excellent example of shared perceptions on important issues and dependable
friendship based on principles. (Sabir, n.d.) Historically, Pakistan and China
has strong defence relations. China shares close military relations with
Pakistan and transfer modern equipments to Pakistan defence forces. China gave
material and moral support to Pakistan during Soviet invasion in Afghanistan,
wars against India and as a frontline state against terrorism. Both states want
to promote diplomatic, defence, economic, and social relations. The relations
between two states describe as higher than Himalaya, deeper than Arabian Sea.
So, it is important to discuss all major events took place in last twelve years
(2000-2012). (Iqbal, 2011) Diplomatic Relations In twenty first century,
Pakistan-China relations entered in new phase of development and cooperation.
When General Pervez Musharraf became new chief executive of Pakistan, he
focused to improve relations with China. In January 2000, Chief executive of
Pakistan General Pervez Musharraf visited China after few months after he came
of power. Pervez Musharraf met the Chinese Primer Zhou Rongji and discussed the
problems related US sanctions on Pakistan’s nuclear policy and democracy
related issues. He also talked to enhance Pak-China economic and trade
relations. Premier Zhou Rongji stated military government in Pakistan would not
affect Pak-China relations and stated “In our nation-building endeavors, our
two countries have supported each other and have carried out fruit full
cooperation”. Pervez Musharraf stated that “Pakistan considers China as its
most reliable and time tested friend”. (Mahmood, 2000) In 2001, two countries
organized major celebrations on 50th anniversary of Pak-China bilateral
relations. In May 2001, Chinese primer Zhou Rongji visited Pakistan to attend
50th anniversary of Pakistan and China bilateral relationship. Zhou Rongji
announced that China would start cooperation on the initial development of
Gwadar port and coastal highway in Pakistan. Zhou Rongji also stated peace and
stability in this region was priority of China. (Tao, 2012) The terrorists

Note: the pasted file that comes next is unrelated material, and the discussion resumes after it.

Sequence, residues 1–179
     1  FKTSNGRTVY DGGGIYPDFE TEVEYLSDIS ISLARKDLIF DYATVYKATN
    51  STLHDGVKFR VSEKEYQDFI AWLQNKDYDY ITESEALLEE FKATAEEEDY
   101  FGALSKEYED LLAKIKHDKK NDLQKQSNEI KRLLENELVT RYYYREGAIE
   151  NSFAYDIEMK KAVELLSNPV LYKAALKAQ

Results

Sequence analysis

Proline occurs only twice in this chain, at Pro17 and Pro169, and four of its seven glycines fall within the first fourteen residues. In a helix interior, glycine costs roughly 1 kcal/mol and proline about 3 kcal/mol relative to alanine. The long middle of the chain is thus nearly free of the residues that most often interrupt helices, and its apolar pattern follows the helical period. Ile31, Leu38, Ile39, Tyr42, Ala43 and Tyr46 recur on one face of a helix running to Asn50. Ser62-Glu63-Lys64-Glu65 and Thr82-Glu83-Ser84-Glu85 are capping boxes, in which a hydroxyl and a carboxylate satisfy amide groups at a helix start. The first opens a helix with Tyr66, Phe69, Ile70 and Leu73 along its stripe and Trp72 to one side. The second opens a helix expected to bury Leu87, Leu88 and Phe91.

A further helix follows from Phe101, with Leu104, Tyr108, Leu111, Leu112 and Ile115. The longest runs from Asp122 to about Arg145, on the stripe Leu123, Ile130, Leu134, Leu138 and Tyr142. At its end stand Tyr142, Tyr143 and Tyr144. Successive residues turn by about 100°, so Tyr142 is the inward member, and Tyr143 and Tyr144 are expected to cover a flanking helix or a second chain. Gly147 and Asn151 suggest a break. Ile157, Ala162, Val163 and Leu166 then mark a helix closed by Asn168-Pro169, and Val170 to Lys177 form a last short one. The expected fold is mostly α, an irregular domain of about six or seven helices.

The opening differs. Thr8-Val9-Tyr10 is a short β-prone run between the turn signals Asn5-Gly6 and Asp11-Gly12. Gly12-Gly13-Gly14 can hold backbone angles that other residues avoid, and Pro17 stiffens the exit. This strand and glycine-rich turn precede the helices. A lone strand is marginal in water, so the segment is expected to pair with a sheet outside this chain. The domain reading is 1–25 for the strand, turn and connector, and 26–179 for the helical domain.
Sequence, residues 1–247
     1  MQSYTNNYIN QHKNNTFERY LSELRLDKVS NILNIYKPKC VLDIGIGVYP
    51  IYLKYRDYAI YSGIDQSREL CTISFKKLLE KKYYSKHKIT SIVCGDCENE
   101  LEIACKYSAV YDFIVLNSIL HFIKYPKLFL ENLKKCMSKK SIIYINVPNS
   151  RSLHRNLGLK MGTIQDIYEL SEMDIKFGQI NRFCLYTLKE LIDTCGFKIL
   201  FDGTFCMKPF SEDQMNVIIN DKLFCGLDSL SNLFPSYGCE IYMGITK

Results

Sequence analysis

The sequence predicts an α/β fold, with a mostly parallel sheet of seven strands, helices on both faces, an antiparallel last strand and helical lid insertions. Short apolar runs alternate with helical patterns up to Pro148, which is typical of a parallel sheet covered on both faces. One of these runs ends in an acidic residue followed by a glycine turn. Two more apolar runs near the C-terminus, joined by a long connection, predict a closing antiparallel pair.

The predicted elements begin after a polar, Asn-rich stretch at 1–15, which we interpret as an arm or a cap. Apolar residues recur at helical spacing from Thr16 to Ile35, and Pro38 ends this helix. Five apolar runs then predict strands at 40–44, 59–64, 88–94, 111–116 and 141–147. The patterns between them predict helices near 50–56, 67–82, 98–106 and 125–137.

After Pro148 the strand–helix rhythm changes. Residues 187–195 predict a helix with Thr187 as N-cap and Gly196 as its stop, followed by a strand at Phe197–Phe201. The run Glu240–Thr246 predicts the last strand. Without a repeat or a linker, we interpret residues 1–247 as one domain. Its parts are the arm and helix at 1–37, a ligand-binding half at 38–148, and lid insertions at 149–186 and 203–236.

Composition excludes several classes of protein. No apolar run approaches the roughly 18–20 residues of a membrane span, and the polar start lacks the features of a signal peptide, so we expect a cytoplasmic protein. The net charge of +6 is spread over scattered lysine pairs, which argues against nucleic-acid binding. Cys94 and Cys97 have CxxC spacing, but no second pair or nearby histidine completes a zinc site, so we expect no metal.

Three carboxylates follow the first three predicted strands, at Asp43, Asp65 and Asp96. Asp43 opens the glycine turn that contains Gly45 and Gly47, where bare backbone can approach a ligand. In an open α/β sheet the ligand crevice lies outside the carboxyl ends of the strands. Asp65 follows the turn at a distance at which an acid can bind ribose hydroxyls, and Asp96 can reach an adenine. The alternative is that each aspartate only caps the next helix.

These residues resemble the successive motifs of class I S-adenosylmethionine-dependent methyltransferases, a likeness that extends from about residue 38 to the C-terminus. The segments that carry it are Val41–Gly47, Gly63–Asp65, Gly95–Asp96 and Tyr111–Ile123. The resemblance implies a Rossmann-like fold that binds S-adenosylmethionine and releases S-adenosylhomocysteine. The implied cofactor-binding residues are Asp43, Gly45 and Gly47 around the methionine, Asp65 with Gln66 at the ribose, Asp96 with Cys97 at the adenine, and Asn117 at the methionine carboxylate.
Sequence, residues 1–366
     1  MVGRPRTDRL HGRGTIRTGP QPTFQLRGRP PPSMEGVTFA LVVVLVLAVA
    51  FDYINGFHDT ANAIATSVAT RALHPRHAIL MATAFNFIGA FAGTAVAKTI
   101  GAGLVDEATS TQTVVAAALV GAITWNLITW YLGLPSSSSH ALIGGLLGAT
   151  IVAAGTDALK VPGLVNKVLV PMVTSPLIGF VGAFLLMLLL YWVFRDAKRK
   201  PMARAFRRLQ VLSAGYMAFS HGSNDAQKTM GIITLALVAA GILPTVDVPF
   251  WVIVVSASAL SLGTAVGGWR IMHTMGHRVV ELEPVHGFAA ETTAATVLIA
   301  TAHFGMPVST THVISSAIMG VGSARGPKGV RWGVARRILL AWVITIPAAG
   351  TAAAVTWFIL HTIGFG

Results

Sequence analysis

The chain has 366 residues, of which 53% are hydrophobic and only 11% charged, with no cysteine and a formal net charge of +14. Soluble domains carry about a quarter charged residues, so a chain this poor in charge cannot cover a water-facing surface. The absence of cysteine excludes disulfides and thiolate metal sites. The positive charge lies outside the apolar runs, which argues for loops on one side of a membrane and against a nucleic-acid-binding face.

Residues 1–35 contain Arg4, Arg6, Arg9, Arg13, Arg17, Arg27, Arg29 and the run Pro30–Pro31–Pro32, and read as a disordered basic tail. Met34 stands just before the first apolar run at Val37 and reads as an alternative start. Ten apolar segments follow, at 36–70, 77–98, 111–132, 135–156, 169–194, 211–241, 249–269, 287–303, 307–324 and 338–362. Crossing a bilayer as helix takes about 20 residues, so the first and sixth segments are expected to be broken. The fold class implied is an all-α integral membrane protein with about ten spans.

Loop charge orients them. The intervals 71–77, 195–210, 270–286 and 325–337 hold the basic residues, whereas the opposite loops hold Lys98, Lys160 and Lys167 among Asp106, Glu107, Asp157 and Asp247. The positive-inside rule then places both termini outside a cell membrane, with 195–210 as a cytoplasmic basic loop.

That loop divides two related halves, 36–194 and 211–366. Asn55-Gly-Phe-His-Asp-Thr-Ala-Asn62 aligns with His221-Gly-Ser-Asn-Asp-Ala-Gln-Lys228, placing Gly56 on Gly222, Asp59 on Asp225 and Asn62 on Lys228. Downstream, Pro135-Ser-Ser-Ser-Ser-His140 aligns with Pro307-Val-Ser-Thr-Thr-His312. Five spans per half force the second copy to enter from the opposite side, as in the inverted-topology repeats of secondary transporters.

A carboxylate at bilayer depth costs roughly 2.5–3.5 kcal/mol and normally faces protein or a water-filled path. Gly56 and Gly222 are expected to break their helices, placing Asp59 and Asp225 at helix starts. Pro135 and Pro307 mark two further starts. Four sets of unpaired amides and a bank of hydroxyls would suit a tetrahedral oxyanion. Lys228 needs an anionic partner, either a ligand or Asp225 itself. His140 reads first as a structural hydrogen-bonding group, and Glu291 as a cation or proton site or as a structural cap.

attacked World Trade Center and Pentagon on 11 September 2001. The world
community reacted with shock. All condemned the attacks and expressed sympathy
for American people. The President of Pakistan, Pervez Musharraf issued a
strong statement of condemnation and sympathy. He also affirmed Pakistan’s
readiness to join US war in fight against terrorism.

The Islamic Republic of Pakistan came into being on 14th of
August, 1947 and the People’s Republic of China on 1st of October; 1949.
Pakistan recognized China in 1950. Pakistan was the third non-communist and the
first Muslim country to recognize China. Pakistan was also among those countries
that opposed the United Nations resolution recognizing China as an aggressor in
the Korean War. The diplomatic relations between China and Pakistan were
established in May 1951. In 1961, the relations were further strengthened when
Pakistan voted for a bill concerning the restoration of China’s legitimate
rights in the UN. In 1963, China-Pakistan signed the agreement for settling the
border issues and for the construction linking China’s Xinjian-Uygur autonomous
region with the northern areas of Pakistan. Chinese diplomatic assistance
during the Indo-Pakistan War of 1965, further solidified the China-Pakistan
relationships (Kumar, 2006). Afterwards the state visits by different leaders
of both sides kept on cementing the mutual ties. Particularly, in 1996, a state
visit by Chinese President Jiang Zemin to Pakistan helped in establishing a
comprehensive friendship. In 2005, China and Pakistan signed a landmark Treaty
of Friendship and Co-operation (Aneja, 2006). Close China-Pakistan ties have
been mainly of military and strategic importance. Pakistan always stands up to
India against his hegemonies over the region, thus fulfilling the key objective
of China’s South Asia policy. As long as Pakistan and India are preoccupied
with one another China would be at peace on the Tibetan borders (Malik, 2001).
China wants to focus more and more upon economic progress and prosperity by
avoiding the confrontations with India. Atul Kumar also expressed same kind of
views. A strong Pakistan is in the interest of China as it ensures that Indian
dreams of regional lordship will not go unchallenged (Kumar, 2006).
China-Pakistan political relations are extremely deep but economic relations
are shallow. China-Pakistan “all-weather” friendship requires the strengthening
of the bilateral economic relationship. In this regard China-Pakistan Free
Trade Agreement is supposed to be a stepping stone in augmenting the economic
relations between China and Pakistan. China-Pakistan Free Trade Agreement was
signed on 24 November 2006 and entered into force on 1 July 2007. The Agreement
comprised of phased and gradual program of elimination of tariff on
substantially all bilateral trade. Through bilateral efforts, the bilateral
trade of goods between China and Pakistan is expected to reach 15 Billion US
Dollars in 2011. Pakistan’s trade deficit with China is expanding. Pakistan’s
economy is seriously struggling at the moment.